Taking over Zott’s, Blackwattle restaurant at Amoy Street borrows its name from a species of trees native to Australia, and serves–no surprise here–Australian food. A smart move opening an Australian restaurant, given the Michelin Guide’s penchant for the cuisine.
35 year-old Australian Clayton Wells who opens Blackwattle is the chef of Automata, which ranks 9th best restaurant in Sydney by Australian Financial Review. At 19 years old, Wells was an apprentice in a hotel kitchen before moving on to eminent Sydney restaurants such as Quay and Tetsuya’s.
Wells leaves 28 year-old Joeri Timmermans, his sous chef at Automata, to helm Blackwattle. They serve a 3-course lunch at $48++ and 5-course dinner at $115++. A la carte is also available.
The 3-course lunch starts with an amuse bouche–they call it “snacks”–that consists of a fried cheese-and-tapioca cracker and a stormshell clam in rosemary dashi topped with aerated cream. One crunchy, one smooth; one land, one sea; one sweet, one salty; one rich, one light. A good juxtaposition.
The appetitizers come with this great, warm bun and cream whipped with chicken jus and anchovies. Huccalyly asked for seconds, and she said, “It’s enough. We can pay and go now. I feel like I already got my money’s worth with this f***ing excellent bread and cream.”
The appetizer, a kingfish tartare mixed with capers, creme fraiche and yuzu kosho, is excellent. Very fresh, light, nicely balanced, and the plum slices add a wonderful summer feel and undercuts the richness of the creme.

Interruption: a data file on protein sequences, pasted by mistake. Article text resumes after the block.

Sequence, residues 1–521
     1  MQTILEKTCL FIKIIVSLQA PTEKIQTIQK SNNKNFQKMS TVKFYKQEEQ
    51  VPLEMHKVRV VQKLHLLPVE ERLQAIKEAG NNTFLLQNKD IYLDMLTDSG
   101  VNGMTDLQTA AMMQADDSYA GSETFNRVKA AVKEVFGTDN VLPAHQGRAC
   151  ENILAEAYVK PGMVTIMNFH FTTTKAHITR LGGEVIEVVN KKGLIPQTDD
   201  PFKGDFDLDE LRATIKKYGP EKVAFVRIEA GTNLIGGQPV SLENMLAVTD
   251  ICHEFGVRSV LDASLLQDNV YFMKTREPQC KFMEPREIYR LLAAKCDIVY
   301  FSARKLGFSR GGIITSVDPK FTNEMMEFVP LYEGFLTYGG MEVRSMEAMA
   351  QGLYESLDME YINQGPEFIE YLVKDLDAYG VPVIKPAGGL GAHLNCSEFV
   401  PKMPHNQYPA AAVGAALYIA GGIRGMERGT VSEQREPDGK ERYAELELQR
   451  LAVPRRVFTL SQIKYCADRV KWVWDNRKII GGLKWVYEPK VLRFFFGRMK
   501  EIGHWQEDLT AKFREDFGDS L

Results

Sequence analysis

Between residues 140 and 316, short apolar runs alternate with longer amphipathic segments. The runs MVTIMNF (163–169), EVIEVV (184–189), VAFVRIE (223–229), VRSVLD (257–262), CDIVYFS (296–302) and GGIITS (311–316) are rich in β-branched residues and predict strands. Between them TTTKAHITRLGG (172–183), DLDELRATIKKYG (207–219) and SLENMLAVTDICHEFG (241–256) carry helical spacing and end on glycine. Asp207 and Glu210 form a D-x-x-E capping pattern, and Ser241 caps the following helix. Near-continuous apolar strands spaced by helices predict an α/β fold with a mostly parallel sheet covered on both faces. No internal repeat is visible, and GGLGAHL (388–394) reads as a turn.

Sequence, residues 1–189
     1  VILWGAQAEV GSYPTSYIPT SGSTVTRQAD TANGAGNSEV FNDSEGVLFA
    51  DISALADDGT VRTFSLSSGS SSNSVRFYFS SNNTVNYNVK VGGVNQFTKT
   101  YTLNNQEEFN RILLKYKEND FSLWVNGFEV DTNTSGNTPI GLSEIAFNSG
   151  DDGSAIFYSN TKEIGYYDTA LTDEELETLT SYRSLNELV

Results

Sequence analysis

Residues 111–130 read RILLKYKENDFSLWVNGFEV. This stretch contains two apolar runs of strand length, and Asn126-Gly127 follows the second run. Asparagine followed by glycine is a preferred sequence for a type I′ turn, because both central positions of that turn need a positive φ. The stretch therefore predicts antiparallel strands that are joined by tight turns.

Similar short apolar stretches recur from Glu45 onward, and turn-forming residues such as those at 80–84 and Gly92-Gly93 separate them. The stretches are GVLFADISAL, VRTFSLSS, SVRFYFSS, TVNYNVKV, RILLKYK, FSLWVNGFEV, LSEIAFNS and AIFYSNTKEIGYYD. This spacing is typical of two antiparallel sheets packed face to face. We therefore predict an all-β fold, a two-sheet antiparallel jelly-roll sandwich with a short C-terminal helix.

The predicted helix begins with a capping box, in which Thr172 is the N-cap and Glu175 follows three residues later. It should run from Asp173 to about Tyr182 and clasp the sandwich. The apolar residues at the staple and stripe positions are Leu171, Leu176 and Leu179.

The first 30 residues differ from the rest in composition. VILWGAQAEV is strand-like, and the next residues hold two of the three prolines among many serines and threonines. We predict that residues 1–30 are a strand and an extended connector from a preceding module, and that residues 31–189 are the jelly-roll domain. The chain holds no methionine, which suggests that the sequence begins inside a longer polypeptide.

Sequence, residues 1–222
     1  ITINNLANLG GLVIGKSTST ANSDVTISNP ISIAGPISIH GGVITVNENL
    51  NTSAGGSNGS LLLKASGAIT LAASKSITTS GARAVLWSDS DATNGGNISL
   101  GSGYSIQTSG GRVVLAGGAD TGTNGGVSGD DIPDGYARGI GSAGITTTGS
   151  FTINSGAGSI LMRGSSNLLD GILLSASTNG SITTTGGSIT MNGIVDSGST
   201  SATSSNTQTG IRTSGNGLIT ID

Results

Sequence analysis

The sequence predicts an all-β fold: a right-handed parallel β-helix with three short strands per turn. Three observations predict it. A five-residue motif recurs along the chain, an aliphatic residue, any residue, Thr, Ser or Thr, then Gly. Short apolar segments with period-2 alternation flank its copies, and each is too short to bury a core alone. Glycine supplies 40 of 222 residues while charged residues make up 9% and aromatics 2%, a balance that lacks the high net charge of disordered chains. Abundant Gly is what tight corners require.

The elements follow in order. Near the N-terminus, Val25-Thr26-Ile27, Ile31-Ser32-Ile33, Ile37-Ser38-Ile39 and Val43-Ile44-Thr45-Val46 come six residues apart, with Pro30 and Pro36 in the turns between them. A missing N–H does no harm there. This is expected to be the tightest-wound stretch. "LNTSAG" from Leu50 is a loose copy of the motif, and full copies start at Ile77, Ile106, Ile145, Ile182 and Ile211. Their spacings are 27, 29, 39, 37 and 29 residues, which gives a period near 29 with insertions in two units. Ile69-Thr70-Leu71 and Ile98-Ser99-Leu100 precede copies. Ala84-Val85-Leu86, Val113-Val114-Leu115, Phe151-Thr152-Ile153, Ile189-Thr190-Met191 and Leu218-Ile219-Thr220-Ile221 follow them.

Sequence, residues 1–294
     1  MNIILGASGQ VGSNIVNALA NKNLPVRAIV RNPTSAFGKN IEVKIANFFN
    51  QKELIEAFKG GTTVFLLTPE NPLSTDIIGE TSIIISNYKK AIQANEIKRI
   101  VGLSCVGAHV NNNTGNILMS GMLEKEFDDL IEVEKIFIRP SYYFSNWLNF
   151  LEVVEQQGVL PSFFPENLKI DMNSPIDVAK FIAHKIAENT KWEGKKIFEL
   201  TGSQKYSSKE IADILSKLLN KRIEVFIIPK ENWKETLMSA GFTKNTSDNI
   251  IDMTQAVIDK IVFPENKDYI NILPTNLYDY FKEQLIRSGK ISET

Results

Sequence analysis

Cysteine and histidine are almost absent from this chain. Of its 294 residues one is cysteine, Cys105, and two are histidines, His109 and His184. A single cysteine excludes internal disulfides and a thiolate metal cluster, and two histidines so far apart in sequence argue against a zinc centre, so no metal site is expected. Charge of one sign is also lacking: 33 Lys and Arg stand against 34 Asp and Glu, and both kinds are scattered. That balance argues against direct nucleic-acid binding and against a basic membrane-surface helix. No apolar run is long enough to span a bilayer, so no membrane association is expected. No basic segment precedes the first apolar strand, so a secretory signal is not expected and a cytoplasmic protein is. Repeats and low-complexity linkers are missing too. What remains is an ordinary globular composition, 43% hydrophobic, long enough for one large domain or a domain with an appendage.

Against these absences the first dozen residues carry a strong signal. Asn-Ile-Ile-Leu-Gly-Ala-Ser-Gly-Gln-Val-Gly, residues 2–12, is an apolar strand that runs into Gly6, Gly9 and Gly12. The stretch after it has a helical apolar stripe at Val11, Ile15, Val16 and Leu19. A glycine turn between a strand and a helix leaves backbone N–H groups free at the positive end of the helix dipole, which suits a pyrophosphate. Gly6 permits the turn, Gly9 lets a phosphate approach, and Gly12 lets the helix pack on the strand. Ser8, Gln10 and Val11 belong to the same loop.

The grilled beef tri-tip–think the server said wagyu?–comes with burnt carrot, wood-ear mushrooms 黑木耳, and tamari sauce. The beef is excellently executed and it is a nice cut; it is tender and fat enough but there is a really fantastic bite. It’s also interesting to see how they pair the beef with wood-ear mushrooms.
The other option for a main, barramundi, is simply pan-fried, which is the way fresh fish should be done. The fish is paired with a hispi cabbage decorated with buckwheat like a Christmas tree. A good balance between the fish and veg.
The dessert, a pumpkin seed sorbet with bitters meringue and dried plum, is the least exciting. It’s alright: a rounded sourness to alleviate any sense of heaviness from the meal.
We like Blackwattle because the dishes are easy and clean; nothing very complicated, just letting the integrity of the ingredients to speak for themselves. We also like that it doesn’t try anything funny. For example, the barramundi, an Australian fish, is simply pan-seared, which should be the way fresh fish be cooked.
The service for a new restaurant is impeccable. Kudos. In fact, the service was so good that we didn’t paying for $5/pax for Singapore’s already-filtered water filtered through the Norqac system. We paid $62 per pax for lunch.
97 Amoy Street, Singapore 069917
tel: +65 6224 2232
M-F 12pm-3pm, M-Sat 6pm-11pm
You may be interested in…
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–Don Ho, Keong Saik Rd: Back Alley Restaurant Serves Modern Australian Small Plates Amidst Hawaiian Verdure
–Whitegrass Restaurant, CHIJMES: Conversations Over a Hot Waiter And Great Modern Australian Food (Likely to Receive Michelin Stars)
–Braci, Boat Quay: Brilliant Modern Italian Restaurant, a Deserving One Michelin Star
Written by A. Nathanael Ho.